Thai soldier’s deadly rampage reveals security lapses
As this Thai city mourns the 29 people killed in a weekend shooting rampage, many are questioning the apparent security lapses that allowed the attacker to steal the weapons he used in the assault.
It’s still unclear how the gunman, identified as Sgt. Maj. Jakrapanth Thomma, snatched three assault rifles and two machine guns from the base and escaped in a stolen military vehicle.
A junior officer at the base who said he often acquired ammunition from Jakrapanth’s unit for his own unit’s target practice said the shooter would have had to overpower soldiers guarding small armory depots to take the weapons and ammunition. The officer asked not to be identified because he was not authorized to speak to reporters.
The gunman’s actions show “that the level of control over this base’s armory was woefully insufficient in terms of manpower and access restriction,” said Michael Picard, research director of GunPolicy.org.
After stealing the weapons, the gunman then headed for a shopping mall, firing along the way. He held off security forces for almost 16 hours while holed up in the shopping center.
Questions about military security carry a special sting in Thailand because just a few weeks ago the country’s tough-talking army commander said in an interview that he had ordered all army units to take care of their weaponry.
The Bangkok Post quoted Gen. Apirat Kongsompong as saying that “all weapons must be kept under good care and ready for use.” He stressed that the army “will never let ill-minded people steal them,” referring to political opponents of the current government, led by former army commander Prayuth Chan-ocha.
On Tuesday, Apirat was due to address criticism of the operation at army headquarters in Bangkok.
In many past cases, guns have been quietly siphoned off by corrupt officials from police and army facilities.
The most disastrous weapons theft took place in Thailand’s deep south in 2004, when Muslim separatist militants raided an army base, killed four soldiers and made off with about 400 assault rifles. Some of the weapons are believed to have been sent to Muslim militants in Indonesia’s Aceh province, but most stayed with the Thai rebels, who have waged an insurgency that has claimed about 7,000 lives.
Wanwichit Boonprong, a professor at Thailand’s Rangsit University who specializes in the country’s military, said more controls were needed on weapons on military bases.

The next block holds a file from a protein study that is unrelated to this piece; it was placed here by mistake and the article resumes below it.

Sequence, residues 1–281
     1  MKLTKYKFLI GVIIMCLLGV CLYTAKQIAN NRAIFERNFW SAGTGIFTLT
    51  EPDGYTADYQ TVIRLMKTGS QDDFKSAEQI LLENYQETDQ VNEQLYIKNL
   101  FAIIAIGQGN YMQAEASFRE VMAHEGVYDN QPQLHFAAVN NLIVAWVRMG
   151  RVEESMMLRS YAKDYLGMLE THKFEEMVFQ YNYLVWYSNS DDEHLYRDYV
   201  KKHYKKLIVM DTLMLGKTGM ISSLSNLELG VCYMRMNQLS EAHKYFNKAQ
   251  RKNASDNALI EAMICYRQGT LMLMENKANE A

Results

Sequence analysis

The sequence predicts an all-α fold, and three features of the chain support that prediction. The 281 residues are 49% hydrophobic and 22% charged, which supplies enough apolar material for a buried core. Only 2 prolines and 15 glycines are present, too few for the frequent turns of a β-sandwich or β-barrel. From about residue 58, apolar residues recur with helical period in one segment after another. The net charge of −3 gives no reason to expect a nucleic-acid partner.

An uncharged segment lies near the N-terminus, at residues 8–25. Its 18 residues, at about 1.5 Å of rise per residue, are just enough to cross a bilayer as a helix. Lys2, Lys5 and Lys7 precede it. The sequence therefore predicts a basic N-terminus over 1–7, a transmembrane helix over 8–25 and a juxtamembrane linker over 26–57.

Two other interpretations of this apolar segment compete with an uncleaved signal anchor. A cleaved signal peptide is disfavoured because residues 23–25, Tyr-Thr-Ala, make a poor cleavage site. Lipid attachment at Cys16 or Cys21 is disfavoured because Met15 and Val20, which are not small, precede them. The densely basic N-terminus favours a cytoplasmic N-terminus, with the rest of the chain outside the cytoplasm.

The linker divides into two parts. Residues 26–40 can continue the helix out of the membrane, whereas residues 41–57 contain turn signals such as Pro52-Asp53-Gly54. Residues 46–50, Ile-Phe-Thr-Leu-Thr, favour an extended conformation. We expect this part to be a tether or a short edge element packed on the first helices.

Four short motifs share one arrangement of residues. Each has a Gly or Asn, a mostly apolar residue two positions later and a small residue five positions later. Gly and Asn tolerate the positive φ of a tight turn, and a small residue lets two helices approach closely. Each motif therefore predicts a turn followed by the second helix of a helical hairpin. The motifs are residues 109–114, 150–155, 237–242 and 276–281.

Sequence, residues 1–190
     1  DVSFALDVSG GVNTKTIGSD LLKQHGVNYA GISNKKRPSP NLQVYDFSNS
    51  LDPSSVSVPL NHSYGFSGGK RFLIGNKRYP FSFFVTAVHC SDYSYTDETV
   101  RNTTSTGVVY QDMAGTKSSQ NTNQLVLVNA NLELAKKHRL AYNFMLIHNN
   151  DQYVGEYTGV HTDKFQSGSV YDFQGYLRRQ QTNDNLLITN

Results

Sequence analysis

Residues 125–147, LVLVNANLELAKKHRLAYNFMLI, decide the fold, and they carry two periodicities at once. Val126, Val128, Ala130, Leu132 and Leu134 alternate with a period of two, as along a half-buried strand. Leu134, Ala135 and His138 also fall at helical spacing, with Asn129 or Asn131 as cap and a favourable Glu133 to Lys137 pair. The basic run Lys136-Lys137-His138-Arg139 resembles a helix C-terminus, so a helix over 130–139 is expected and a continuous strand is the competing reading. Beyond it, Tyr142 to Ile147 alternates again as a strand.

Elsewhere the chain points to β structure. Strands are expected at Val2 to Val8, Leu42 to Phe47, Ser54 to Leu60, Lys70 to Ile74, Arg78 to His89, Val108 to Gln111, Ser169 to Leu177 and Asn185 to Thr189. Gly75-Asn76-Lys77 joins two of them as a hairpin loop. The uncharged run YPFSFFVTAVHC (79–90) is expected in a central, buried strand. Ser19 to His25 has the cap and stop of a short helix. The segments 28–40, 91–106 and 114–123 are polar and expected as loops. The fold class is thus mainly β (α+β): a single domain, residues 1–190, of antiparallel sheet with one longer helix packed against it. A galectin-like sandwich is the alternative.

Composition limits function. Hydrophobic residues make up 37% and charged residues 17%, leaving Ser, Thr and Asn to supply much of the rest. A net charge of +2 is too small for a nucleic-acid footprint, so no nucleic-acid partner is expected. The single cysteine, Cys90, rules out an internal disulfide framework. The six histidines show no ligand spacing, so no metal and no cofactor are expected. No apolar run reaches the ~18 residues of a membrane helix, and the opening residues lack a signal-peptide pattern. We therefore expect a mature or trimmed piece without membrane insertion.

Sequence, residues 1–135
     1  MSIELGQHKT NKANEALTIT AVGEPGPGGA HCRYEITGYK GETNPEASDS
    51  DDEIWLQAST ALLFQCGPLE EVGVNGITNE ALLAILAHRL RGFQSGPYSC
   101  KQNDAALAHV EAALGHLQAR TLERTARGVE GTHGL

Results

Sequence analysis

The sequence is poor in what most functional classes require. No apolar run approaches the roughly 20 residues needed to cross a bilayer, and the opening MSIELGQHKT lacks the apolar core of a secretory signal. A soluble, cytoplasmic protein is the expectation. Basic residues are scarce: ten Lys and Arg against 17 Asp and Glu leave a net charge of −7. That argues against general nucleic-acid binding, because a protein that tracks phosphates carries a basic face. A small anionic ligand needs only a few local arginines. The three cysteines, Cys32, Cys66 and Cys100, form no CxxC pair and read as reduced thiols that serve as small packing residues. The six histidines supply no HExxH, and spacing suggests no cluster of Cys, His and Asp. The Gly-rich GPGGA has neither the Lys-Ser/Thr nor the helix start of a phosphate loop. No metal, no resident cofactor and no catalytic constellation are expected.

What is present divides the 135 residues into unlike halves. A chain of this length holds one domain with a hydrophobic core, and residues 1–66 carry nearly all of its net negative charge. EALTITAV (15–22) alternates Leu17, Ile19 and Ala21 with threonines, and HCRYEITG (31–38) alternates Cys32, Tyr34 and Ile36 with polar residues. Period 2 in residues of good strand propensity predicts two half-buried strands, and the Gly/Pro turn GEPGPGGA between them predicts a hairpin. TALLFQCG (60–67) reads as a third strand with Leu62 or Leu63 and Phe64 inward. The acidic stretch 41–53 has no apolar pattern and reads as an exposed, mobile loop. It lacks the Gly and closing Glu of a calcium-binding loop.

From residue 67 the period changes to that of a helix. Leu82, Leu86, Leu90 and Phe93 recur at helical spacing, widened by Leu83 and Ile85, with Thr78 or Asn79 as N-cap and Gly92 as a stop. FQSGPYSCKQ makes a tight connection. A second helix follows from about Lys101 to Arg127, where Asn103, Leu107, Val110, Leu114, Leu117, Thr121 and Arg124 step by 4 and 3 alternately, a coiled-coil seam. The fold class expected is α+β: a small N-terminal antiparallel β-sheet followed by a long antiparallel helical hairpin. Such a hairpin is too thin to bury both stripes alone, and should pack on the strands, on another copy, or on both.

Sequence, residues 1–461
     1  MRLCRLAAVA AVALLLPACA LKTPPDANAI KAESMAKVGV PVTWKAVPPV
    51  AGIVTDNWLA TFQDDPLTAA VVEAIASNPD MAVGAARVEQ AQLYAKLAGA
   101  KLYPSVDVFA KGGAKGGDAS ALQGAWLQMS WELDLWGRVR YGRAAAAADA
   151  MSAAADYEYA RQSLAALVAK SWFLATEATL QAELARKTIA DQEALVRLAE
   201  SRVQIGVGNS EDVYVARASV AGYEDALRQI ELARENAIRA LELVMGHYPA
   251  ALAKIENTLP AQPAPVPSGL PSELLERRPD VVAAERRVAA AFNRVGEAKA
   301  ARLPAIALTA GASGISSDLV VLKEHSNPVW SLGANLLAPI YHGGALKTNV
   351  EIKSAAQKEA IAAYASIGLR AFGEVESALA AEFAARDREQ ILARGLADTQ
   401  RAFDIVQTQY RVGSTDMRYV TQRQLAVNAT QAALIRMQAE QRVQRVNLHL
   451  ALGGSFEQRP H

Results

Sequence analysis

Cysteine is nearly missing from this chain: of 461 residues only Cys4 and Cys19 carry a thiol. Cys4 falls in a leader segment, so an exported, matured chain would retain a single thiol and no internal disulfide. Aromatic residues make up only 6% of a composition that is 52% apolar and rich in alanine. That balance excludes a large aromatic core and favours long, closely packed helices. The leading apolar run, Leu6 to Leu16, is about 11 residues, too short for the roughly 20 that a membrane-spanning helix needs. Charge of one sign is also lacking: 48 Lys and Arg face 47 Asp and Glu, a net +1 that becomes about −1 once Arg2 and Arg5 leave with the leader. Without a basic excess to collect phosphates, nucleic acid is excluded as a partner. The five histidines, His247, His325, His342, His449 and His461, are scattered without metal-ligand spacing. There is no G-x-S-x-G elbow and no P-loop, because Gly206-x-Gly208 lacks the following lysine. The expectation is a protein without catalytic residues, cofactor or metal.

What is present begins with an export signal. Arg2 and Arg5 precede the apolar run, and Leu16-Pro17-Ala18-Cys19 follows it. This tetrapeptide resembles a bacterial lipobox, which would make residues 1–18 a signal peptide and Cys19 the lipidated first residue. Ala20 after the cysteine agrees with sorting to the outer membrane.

“The safety system in the buildings where they keep weapons are obsolete. They just lock the room with padlocks,” he said. “With this kind of system, once someone gets in, he can easily grab a weapon.”
Access to the main gate to Jakrapanth’s military unit, the 22nd Ammunition Battalion, was restricted on Monday, but much of the rest of the sprawling base in rural Nakhon Ratchasima province was open to through traffic.
Some people have criticized the many hours it took for Thai security forces to end the siege at the mall, among them Khunpol Khanpakwan, who was outside a public hospital morgue Monday waiting to recover his daughter’s body.
His daughter, Apiksanapa Khanpakwan, 45, was killed and her 17-year-old daughter wounded when special forces fatally shot the gunman.
Though Prime Minister Prayuth has said that security forces did not kill anyone, Khanpakwan said he was still awaiting his daughter’s autopsy report to determine the source of the many shots that riddled her body.
Khanpakwan wondered how a force that boasted of safeguarding its military hardware was unable to stop a lone gunman from inflicting so much bloodshed.
“How could the authorities let a culprit run around killing people around the city? Just only one person,” Khanpakwan said, adding that “they are equipped with weapons but couldn’t do anything to him.”
Anthony Davis, a security analyst who writes for the Jane’s defense publications, said it was premature to judge the response to the siege.
“In the end, you have a professional military man with a large supply of ammunition holed up in a very large building with not much clear idea on the part of the security forces how many people are in his reach,” Davis said.
“It took a long time, but in a big building they couldn’t risk storming in and killing a lot of people,” he said.
Other concerns linger about how the worst mass shooting in Thai history was handled, particularly lapses in security.
On the night of the siege, a police perimeter kept bystanders only about 100 yards from the shooting, within earshot of the automatic gunfire exploding in sudden bursts from a position security forces struggled to pinpoint.
The following morning, Thai special forces enlisted the help of a drone operator for a local TV news channel to find the gunman. Camouflaged soldiers covered the 28-year-old man on all sides as they escorted him into the mall’s basement, where authorities believed the gunman was hiding.
From there, the reporter maneuvered his thermal-sensing drone through shattered windows and into a supermarket’s cold storage room, broadcasting images of Jakrapanth and several apparent hostages back to police.
That’s when the sharpshooters’ rain of fire at the gunman began and the rampage ended.
On Sunday evening, less than 10 hours later, a foreign reporter was able to walk into the mall through an unlocked door that was not behind police tape.
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